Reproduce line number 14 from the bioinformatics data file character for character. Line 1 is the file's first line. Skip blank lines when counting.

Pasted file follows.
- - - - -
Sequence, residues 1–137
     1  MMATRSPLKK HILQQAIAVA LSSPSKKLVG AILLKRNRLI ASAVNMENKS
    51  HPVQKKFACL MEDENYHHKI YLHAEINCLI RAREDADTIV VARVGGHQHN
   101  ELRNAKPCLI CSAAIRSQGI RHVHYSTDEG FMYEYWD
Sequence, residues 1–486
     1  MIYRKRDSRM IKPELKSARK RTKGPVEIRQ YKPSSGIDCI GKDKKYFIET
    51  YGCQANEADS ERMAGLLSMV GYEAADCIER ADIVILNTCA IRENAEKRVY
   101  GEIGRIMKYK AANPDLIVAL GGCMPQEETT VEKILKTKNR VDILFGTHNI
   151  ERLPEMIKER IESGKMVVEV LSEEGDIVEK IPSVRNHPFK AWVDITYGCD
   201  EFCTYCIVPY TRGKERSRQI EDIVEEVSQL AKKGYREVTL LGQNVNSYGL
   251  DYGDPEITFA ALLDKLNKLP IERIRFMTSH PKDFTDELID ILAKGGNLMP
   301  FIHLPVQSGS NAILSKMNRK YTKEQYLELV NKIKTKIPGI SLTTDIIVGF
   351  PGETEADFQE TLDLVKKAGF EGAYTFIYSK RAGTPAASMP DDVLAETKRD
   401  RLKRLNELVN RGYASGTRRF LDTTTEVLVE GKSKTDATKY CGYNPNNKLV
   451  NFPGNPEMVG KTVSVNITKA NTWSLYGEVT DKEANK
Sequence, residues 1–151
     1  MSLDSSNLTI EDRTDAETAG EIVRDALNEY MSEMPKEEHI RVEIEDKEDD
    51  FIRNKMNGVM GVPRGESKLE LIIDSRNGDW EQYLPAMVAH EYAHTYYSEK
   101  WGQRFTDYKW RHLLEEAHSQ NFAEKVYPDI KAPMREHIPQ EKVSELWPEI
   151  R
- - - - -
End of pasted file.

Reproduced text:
   401  RLKRLNELVN RGYASGTRRF LDTTTEVLVE GKSKTDATKY CGYNPNNKLV